Can shelf space management techniques be used effectively for fresh items?

Random weight items, including produce, meat, poultry, seafood, and deli, ostensibly cannot be managed in the same way the center-of-store categories are. However, what you can do to address these categories may surprise you.

Stocking sections with random weight items do present challenges to the traditional category and space management process, and these categories are typically not planogrammed like their center-of-store counterparts. Instead, they are often planned using a macro space solution, Microsoft Excel, or, all too frequently, the reset teams and store personnel are left to make ad-hoc decisions based on intuition, rather than data.

All of the above approaches lack the analytical ability to quickly and accurately calculate item and shelf capacity, days of supply, ROI, or to forecast out-of-stocks and lost sales. Macro space solutions are designed to manage categories, aisle and departments – not individual SKUs. Other workarounds like Microsoft Excel tend to be cumbersome and time consuming.

The solution to this challenge may actually be nearer than you expected. With a little data manipulation and exploration of features that you may not be currently using in your shelf space planning solution, you can apply your category and space management best practices beyond center store.

The challenges of random weight items and how to overcome them

1. Dimensions

Item dimensions are a basic requirement to build a planogram. However, random weight items are by definition different sizes, so assumptions have to be made in order to effectively planogram these categories. For items such as packaged chicken breasts, steaks, heads of lettuce or bags of grapes, an average sellable product size can be used to determine dimensions used to describe the ‘average’ product. For loose items such as nuts or candies, the case or display container dimensions should be used.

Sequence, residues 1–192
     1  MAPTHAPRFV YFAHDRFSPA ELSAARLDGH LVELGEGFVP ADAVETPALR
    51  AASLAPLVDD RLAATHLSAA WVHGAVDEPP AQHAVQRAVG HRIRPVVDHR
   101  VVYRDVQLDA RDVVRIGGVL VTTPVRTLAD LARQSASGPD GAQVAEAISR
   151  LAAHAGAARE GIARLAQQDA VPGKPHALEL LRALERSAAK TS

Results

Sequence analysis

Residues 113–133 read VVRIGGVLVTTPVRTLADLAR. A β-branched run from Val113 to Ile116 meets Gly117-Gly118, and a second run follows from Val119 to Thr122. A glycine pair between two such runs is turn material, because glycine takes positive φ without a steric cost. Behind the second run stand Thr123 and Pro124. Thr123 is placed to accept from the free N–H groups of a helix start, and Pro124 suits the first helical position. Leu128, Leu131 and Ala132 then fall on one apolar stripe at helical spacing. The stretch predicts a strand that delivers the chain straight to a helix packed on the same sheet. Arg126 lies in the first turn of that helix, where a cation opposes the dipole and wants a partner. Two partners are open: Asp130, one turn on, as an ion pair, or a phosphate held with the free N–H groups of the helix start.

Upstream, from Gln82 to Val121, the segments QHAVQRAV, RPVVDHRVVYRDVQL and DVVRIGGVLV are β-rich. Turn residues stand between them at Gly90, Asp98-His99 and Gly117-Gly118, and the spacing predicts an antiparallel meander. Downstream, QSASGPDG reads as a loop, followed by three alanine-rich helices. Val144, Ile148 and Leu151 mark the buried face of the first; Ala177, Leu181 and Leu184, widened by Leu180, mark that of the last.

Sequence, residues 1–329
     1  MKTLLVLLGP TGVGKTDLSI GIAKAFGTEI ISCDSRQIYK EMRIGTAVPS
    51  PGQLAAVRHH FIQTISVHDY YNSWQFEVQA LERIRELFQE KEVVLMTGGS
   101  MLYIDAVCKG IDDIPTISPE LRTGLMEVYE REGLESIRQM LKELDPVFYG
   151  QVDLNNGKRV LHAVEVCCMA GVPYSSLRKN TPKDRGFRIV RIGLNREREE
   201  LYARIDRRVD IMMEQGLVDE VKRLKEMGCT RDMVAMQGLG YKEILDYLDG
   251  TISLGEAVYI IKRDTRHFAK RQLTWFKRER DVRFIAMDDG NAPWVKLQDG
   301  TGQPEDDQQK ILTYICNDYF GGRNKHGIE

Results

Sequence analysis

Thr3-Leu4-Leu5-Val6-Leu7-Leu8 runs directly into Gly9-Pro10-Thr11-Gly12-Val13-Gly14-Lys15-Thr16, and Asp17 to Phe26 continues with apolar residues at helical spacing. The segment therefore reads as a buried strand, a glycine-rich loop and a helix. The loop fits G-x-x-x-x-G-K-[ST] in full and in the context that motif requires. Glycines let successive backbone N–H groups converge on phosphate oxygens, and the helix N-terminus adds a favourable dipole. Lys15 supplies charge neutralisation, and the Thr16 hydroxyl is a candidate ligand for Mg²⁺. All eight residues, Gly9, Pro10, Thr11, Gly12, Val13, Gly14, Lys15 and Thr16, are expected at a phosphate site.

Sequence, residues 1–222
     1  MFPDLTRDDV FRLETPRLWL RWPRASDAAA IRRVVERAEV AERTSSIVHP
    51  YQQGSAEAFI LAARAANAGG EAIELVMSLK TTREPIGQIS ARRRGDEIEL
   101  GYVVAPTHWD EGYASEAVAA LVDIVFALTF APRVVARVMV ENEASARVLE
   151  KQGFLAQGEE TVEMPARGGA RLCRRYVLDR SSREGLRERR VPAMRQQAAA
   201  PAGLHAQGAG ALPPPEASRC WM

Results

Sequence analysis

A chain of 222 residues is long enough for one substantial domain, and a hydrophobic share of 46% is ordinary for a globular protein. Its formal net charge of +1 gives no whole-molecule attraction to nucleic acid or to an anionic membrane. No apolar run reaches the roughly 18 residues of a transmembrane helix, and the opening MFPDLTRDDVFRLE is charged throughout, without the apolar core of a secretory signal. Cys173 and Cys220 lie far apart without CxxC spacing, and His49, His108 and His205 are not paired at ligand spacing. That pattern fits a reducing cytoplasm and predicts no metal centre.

2. Methods of Merchandising

Baskets, cases, trays, dump bins, and pyramid logs are all different merchandising options you will need to add to your vernacular. They enable you to create a perfect pyramid stack of apples, a bin of loose garlic, or a case of bulk candy.

3. Fixtures

Sloped shelves, grills and pallets are fixtures typically used to merchandise fresh categories. These should cover the majority of cases, whether it is a pallet of watermelon, refrigerated meat case or fresh vegetables.

4. Data

Syndicated providers offer equivalized volume measures (EQ), often in ounces, pounds, gallons, or cases (or metric equivalents – kg, ml, etc.). Your own point-of-sale data may already have volumes manipulated in this way. In the absence of this, it can often be calculated, e.g. (unit sales * size (oz) / 16); with EQ pounds being the result of the operation.

How do I execute planograms for fresh items?

Expanding your shelf space management repertoire with the features mentioned above can be all that is required to address most of the merchandising challenges that the produce, meat and deli departments will present. Once you have a planogram with space and inventory accurately modeled, together with equivalized data, you can apply your inventory and allocation models to optimize these categories.

More advanced calculations can be added using user-defined fields to calculate per unit movement, sales, or profit, or any other measure that can be derived from the EQ or unit volume.

Looking forward

Once you have established a foundation of planograms at cluster or store level for fresh categories, then the same data and planograms can be used to do more in-depth clustering and assortment optimization.

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